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South Africa needs to spend $250 billion over 3 decades to transition from coal – Business Standard

South Africa, the world’s 13th emitter of greenhouse gases, will need to spend $250 billion over the next three decades to shut down coal-fired power plants and replace them with green energy, according to a study.

In addition to closing the country’s coal-fired plants and building wind and solar power plants, money will need to be spent to compensate coal-dependent communities whose livelihoods are threatened by change, the blended finance task force and the Center for Sustainability Transitions at Stellenbosch University said. According to the study, most of the money should come from the private sector.

The estimate comes as South Africa, which relies on coal for more than 80% of its electricity, is in the process of negotiating $8.5 billion in climate grants and soft loans with some of the world’s richest nations. The potential deal, announced at last year’s COP26 climate summit in Glasgow, envisages South Africa to withdraw some coal-fired power plants.

“The $8.5 billion pledge could be a catalyst to unlock $250 billion,” researchers said in the study released Thursday. “You must provide a global blueprint for transition financing.”

The deal, some details of which are expected to be presented before the COP27 climate summit in Egypt later this year, is being negotiated between South Africa and a group consisting of the United States, United Kingdom, France, Germany and the European Union.

With its aging coal-fired power infrastructure, many of which are nearing the end of their design life, and an economy that relies heavily on the dirtiest fossil fuels, South Africa is an ideal country from which to strike an energy transition deal that can be reflected in talks with other nations. Vietnam, Indonesia and India are seen as countries that could start talks similar to those of the African country.

Coal accounts for more than 5% of South Africa’s GDP and the coal industry employs 125,000 people, each with between three and 10 dependents.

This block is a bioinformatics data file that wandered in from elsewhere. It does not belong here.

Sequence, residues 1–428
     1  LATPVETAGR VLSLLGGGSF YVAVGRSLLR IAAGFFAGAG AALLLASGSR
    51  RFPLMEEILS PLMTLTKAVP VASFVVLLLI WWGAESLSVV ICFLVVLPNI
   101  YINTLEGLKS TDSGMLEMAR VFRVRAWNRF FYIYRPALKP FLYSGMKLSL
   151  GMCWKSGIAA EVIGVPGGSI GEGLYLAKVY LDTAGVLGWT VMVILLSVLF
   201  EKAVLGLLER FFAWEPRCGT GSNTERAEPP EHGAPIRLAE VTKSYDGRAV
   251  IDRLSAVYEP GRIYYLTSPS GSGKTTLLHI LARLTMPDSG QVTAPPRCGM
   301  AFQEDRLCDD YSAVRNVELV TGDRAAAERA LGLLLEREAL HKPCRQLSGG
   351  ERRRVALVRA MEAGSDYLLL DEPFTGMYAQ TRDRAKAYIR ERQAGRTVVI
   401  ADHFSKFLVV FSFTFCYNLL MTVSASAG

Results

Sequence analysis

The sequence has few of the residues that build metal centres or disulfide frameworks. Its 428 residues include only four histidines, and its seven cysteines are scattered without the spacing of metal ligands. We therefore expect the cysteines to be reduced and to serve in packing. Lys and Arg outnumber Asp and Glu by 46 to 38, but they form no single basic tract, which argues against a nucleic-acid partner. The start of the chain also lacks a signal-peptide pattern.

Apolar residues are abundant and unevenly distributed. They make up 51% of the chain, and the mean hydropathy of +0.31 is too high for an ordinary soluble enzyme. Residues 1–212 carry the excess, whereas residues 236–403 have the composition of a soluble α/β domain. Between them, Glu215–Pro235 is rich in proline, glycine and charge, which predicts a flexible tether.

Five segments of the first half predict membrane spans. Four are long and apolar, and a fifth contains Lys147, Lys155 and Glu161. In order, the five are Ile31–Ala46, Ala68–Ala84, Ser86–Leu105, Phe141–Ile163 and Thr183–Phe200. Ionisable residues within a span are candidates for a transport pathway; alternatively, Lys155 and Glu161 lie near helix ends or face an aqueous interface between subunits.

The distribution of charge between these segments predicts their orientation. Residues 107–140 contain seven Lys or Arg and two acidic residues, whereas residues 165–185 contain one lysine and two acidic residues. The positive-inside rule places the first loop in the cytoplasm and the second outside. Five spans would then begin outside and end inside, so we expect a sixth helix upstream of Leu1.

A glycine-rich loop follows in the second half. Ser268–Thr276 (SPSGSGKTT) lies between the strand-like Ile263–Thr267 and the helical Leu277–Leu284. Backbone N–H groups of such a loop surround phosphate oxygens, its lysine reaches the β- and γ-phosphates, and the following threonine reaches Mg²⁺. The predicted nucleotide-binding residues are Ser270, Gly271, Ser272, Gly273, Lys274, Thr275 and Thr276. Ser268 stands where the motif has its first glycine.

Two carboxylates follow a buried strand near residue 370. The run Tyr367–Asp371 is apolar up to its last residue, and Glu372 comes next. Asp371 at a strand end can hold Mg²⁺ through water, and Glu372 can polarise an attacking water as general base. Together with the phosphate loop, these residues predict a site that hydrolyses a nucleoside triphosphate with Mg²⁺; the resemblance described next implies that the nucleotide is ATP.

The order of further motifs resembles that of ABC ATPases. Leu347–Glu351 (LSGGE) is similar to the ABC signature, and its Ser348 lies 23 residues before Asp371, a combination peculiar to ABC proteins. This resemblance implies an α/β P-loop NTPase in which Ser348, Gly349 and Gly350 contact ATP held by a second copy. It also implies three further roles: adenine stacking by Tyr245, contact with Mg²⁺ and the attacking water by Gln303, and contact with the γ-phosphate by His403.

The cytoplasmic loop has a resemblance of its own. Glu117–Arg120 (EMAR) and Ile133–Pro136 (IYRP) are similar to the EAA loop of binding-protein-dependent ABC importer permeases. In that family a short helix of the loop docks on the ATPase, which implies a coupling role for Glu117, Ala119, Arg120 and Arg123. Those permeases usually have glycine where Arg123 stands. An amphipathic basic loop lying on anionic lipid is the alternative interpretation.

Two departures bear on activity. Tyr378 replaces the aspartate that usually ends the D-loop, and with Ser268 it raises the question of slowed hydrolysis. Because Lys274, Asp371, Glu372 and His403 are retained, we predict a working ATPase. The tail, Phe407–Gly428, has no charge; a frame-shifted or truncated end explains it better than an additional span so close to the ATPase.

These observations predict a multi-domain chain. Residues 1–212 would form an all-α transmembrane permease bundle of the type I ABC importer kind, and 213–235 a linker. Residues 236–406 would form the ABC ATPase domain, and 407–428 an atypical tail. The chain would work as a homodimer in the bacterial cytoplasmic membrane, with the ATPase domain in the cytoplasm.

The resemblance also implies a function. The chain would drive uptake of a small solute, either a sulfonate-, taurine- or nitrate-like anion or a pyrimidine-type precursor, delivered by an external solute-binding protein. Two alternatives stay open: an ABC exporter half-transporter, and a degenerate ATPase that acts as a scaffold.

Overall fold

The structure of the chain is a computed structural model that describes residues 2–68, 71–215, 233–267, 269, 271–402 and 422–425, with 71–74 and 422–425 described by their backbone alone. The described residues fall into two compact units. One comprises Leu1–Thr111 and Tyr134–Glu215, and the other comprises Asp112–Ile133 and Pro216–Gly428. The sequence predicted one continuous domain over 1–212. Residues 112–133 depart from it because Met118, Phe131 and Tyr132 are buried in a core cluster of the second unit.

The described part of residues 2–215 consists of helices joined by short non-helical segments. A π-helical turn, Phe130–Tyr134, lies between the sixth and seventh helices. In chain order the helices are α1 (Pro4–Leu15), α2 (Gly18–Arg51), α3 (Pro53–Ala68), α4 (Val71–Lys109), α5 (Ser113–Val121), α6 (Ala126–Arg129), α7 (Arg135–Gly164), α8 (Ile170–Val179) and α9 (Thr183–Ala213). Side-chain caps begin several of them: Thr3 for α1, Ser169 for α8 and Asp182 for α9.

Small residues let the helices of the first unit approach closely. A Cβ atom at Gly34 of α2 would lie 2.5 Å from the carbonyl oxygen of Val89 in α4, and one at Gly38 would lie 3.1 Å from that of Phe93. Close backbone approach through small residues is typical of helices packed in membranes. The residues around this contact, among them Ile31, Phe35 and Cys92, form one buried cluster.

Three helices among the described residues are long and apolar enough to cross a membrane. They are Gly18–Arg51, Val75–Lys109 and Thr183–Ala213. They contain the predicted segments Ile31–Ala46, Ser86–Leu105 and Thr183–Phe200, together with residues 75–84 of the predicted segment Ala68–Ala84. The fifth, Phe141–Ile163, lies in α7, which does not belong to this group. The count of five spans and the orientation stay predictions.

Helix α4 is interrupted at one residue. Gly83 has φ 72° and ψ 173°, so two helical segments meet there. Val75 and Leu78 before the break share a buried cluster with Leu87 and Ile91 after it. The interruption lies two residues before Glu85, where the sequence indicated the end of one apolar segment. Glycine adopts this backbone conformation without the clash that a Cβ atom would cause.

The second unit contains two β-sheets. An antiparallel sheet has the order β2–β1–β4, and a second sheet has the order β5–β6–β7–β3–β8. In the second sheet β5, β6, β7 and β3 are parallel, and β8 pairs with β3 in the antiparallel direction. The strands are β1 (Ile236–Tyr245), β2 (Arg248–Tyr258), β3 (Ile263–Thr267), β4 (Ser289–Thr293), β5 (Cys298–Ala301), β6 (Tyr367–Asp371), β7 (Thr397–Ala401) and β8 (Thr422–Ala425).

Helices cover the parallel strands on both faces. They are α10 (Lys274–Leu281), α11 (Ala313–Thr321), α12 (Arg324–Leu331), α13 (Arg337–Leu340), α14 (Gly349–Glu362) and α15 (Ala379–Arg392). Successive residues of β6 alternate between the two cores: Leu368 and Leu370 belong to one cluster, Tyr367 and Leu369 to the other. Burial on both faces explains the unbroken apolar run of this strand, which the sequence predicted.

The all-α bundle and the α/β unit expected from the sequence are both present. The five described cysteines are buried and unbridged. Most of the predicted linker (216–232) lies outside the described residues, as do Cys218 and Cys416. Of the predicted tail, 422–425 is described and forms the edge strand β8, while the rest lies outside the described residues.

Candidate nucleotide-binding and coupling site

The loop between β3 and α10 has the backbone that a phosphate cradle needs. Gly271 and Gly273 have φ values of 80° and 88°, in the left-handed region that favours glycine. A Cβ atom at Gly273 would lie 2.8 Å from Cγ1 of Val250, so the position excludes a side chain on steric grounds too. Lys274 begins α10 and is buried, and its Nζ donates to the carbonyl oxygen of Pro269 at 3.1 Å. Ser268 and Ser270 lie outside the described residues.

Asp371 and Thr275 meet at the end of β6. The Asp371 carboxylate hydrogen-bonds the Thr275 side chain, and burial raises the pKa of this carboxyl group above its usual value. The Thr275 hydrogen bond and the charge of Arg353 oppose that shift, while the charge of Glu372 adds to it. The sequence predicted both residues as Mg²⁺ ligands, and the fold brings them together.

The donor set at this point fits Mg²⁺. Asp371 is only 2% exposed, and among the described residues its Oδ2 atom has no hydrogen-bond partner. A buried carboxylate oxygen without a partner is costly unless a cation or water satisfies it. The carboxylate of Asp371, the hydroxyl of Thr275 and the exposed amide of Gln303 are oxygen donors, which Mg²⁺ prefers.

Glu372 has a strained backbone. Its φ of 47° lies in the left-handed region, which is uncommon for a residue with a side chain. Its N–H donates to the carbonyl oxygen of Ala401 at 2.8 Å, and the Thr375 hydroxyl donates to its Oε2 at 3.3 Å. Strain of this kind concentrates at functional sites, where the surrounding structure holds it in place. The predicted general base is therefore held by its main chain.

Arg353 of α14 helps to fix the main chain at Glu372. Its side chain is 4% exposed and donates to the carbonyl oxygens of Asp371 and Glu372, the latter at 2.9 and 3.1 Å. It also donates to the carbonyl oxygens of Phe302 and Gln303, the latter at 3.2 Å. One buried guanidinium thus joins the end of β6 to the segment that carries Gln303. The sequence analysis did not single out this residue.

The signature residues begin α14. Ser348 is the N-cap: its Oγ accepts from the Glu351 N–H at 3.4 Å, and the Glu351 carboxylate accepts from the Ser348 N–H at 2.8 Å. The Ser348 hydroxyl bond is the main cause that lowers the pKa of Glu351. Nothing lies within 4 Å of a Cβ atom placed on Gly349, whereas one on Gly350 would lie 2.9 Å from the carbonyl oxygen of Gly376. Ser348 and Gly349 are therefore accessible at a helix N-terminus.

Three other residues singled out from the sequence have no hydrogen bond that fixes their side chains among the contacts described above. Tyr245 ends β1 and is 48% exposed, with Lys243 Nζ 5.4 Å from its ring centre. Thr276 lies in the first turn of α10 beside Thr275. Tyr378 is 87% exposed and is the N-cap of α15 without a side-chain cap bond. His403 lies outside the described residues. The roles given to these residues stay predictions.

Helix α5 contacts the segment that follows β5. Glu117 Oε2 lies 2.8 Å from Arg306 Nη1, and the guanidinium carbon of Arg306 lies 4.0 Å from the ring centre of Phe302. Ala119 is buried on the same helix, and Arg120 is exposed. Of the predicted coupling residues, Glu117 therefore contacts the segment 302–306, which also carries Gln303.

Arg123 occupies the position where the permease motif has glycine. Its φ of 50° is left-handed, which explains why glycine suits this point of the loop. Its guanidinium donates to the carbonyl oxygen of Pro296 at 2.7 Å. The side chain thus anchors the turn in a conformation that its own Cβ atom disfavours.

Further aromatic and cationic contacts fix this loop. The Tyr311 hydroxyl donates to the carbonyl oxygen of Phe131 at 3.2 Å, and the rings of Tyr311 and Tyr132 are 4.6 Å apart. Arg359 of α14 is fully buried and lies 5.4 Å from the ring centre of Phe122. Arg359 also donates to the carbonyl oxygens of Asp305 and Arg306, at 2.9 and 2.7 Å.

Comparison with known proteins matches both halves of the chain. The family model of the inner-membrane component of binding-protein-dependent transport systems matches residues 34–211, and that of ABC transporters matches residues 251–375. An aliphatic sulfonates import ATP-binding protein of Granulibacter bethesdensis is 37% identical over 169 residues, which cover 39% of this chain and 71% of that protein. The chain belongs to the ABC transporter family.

According to the plan presented in the study, the country will need to install 5 gigawatts of renewable energy annually until 2050. This will create 5,000 jobs annually over the next decade in building, operating and maintaining the plants, the researchers said.

wind and solar energy

South Africa is “home to some of the world’s best solar and wind energy resources, and offers economic opportunities through a rapid energy transition,” the researchers said.

Researchers envision spending over 30 years as:

  • $125 billion for 150 gigawatts of solar and wind power plants

  • $18 billion for 33 gigawatts of storage batteries

  • $8 billion for 5 gigawatts of pumping to store hydro energy

  • $18 billion for 30 gigawatts of natural gas power generation

  • $50 billion to improve power transmission and distribution networks

  • $24 billion to shut down coal-fired power plants owned by the national energy utility, Eskom Holdings SOC Ltd. , by 2040

  • $10 billion to compensate affected coal workers and rehabilitate the environment in idle coal mines

  • The researchers said funding for the program should come from the private sector in both South Africa and the rest of the world.

The researchers said government-linked institutions such as the Public Investment Corporation, which oversees 2.34 trillion rand ($149 billion) in mainly government workers’ pensions, the South African Development Bank Ltd and the Industrial Development Corporation, should play a role.

“Most of the $250 billion needed for an equitable energy transition in South Africa could be financed by private financial investment in scaling up renewables and other enabling infrastructure,” the researchers said. “About a third of funding will be required from fully mandated non-commercial capital providers” to support the social costs of the transition.

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